be put in it's place. The "C Shed" was erected
on the same ground as the original canvas shed.The portable
canvas shed was re-errected beside the new C Shed.
view of the Farnborough Balloon and aircraft establishment
emphasis moved from balloons to aeroplanes,the Balloon Factory
became the Army Aircraft Factory April 1911.The Royal Flying
Corps was formed on 13th May 1912,and with it,the first
Squadron ,No 1 Sq, was formed.Throughout WW1 the establishment,by
now renamed the Royal Aircraft Factory,produced and repaired
hundreds of aircraft for the Royal Flying Corps.
drew to a close, the factory originated the Inspection Methods
for Aircraft & Accessories and on 1 January 1914, the
Navy and Military Airship Section were amalgamated, the
Admiralty taking over the military airships and equipment
from the Army, signaling the end of the Airship phase at
portable airship shed, covered 1912
through the First World War, in August 1916 the Annual Report
of the Advisory Committee for Aeronautics recorded the work
at Farnborough, with suitable
brevity considering the country was at war as:
i) Full scale research by experiment and observation of
aeroplanes in flight as well as wind-tunnel tests on scale
ii) Aerodynamic tests to streamline wires, demonstrating
that the resistance of Raf-wires, which were
a simple, symmetrical
ellipse, was so little greater than wires of true streamline
form that their universal adoption was recommended.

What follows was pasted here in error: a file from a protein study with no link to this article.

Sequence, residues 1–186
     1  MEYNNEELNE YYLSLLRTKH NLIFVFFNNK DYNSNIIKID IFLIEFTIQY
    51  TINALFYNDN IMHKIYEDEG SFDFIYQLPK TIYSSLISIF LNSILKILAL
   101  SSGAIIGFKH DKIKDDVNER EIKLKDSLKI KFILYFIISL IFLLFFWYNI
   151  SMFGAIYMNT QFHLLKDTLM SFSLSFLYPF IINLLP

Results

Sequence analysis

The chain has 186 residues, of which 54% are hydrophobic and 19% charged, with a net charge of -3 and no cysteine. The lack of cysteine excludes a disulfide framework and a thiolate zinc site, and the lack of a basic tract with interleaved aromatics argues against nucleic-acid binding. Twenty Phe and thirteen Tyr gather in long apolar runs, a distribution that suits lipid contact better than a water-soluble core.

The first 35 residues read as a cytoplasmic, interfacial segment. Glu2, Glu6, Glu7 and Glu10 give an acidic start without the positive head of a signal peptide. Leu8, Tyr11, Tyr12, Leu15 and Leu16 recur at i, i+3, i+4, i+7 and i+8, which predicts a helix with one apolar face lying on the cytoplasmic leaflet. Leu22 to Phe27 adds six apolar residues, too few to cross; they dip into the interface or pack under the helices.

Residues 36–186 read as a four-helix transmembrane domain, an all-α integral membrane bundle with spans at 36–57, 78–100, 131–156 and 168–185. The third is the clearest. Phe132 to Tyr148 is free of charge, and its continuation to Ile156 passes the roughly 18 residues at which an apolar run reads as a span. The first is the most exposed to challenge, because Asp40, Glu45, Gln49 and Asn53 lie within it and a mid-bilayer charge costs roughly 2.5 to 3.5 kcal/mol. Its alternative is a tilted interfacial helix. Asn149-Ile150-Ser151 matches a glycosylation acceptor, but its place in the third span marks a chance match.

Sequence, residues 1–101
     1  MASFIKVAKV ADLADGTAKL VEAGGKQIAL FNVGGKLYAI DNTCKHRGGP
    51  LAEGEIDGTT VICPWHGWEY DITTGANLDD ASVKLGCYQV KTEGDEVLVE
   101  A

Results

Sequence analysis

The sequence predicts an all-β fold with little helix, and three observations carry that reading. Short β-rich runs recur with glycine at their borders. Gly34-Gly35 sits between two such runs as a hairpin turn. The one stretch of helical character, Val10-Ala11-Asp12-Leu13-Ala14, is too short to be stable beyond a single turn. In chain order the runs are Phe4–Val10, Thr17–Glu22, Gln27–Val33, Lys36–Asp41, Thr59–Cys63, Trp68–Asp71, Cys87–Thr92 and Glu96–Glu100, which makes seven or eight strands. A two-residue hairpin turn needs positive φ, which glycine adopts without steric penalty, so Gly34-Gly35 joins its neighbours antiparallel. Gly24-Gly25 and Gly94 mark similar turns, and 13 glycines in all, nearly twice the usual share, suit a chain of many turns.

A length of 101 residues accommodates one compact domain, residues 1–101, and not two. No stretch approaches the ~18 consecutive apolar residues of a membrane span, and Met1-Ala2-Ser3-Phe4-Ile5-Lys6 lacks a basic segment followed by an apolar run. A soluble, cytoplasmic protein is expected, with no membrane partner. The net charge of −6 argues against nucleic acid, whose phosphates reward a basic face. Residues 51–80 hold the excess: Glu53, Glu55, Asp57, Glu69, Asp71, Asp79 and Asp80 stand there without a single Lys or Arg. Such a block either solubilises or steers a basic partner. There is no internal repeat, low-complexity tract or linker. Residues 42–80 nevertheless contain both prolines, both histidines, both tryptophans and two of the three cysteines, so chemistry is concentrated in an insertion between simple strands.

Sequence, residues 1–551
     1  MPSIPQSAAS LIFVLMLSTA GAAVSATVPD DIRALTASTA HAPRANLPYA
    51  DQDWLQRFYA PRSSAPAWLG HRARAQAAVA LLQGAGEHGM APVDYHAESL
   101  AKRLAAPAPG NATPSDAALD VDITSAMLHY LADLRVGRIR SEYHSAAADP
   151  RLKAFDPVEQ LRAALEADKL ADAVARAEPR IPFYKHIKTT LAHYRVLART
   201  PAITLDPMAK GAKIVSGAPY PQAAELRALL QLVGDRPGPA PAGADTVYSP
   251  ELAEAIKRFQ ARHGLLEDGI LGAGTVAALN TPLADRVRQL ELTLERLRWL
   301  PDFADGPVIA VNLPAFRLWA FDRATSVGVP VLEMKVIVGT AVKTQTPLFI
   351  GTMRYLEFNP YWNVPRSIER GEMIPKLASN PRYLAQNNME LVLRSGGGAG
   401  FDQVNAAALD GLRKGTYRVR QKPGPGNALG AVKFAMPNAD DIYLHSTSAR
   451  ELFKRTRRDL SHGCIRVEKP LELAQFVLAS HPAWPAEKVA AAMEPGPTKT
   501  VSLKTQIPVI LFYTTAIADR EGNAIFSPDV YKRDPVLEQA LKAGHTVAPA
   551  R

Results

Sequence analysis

iii) The design and development of aircraft instruments
and of bomb sight.
iv) The design and development of wireless sets
v) The design and development of variable pitch airscrews
and their testing by means of the newly-constructed 70
vi) Experiments with fabrics and dopes.
vii) Testing of all metals used in aircraft construction.
viii) The design and construction of new experimental
aircraft based upon new knowledge and devices.
ix) Special tests on fuels, oils, magnetos and spark plugs.
Royal Aircraft Factory, Farnborough. Notice the airship sheds
and also aeroplane works, with aircraft stored outside.
end of the First World War, 1st April 1918 the Royal Flying
Corps became the Royal Air Force,and the Royal Aircraft
Factory was renamed the Royal Aircraft Establishment (RAE)
to avoid confusion with the Royal Air Force (RAF).This was
the starting point of some 70 years of aircraft research
and experimental work which has made Farnborough world famous.
period from 1914 -18, the Factory had built some 509 aircraft,
some 85% as production aircraft for the RFC, which included
24 Handley Page HP 0/400 bombers in 1918. In comparison,
between 1911 and the end of 1913 the Factory produced only
24 aircraft, all of them experimental, the largest number
being the BE2 type
World War 2, the hard runways, which had been extended several
times,were again extended, and in the 60s the main runway
was added to yet again. The Farnborough site became the
centre for excellence in experimental aircraft and research,
using the high speed wind tunnels and high pressure technologies,
to supersonic levels.
termination of the war brought about a considerable reduction
in commitments, particularly the urgent day-to-day kinds
that characterised the war period. Also the change over
to new policies, such as turbine aero engines and rocket
aircraft and guided weapons, led to a period of policy reorientation.
the site was the of the first Farnborough airshow. The inaugural
show took place on the first week of September 1948,
the next few years, the event grew to become the second
largest airshow of it's kind, only to the Paris airshow.
the Royal Aircraft Establishment had changed its name to
the Royal Aerospace Establishment to reflect the increased
breadth of the research and development that it was undertaking.
On the 1st April 1991 the RAE ceased to exist. The Establishment
was renamed the Defence Research Agency (DRA) and remained
an executive agency of the UK Ministry of Defence (MOD).
The DRA lasted until 1st April 1995 when it was re-arranged
into DERA (Defence Evaluation and Research Agency)